The Japan Times, 7 December 2004
Bayer's GE Crop Herbicide, Glufosinate, Causes Brain Damage
The glufosinate herbicide, used in large quantities on Bayer's GM herbicide-resistant crops, has been found to have adverse effects on the brain.
Yoichiro Kuroda, the principal investigator in a project titled the Effects of Endocrine Disrupters on the Developing Brain, under the government's CREST (Core Research for Evolutional Science and Technology) program, believes polychlorinated biphenyls (PCBs) and glufosinate can hamper the development and activity of the brain.
PCBs are "mock hormones" -- endocrine disrupters that cause neural development defects by disrupting gene functions and neural-network formation in kids -- resulting in lower IQ scores and hyperactive tendencies, he said.
Glufosinate, widely used in the U.S. as a super herbicide for herbicide- resistant genetically modified crops, is like a "mock neurotransmitter" that has an aggressive effect on brains, he said. If an embryo or a baby is exposed to the chemical, it can affect behavior, as it disturbs gene functions that regulate the developing brain, he said.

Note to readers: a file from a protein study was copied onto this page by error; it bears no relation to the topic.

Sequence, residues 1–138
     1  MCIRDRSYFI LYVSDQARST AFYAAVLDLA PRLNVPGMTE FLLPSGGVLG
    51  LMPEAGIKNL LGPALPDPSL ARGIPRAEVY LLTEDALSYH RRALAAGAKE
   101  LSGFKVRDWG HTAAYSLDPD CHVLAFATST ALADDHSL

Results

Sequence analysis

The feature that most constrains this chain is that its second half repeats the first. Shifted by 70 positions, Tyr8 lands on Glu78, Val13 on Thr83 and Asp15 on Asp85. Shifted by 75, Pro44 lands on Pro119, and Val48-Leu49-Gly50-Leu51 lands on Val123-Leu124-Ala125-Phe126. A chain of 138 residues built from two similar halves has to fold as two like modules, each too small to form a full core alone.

A decade ago, the late Toshiko Fujii, a one-time professor of medicine at Teikyo University, conducted research in which she found that the main component of this GMO-compatible herbicide had adverse effects on the brains of baby rats.
"Male rats often fight one another, but female rats are peaceful," Kuroda said in explaining Fujii's research. "But female rats born from mothers that were given high doses of glufosinate became aggressive and started to bite each other -- in some cases until one died. That report sent a chill through me."
He said there is a considerable possibility that fetuses and babies are also affected by the substance, and since it is widely assumed that males are more aggressive to begin with, it is possible they are more affected than females. "The chemical industry has not been considering this kind of risk on the developing human brain, which is a fragile, fine chemical machine," he said. (by YUMI WIJERS-HASEGAWA, Staff writer)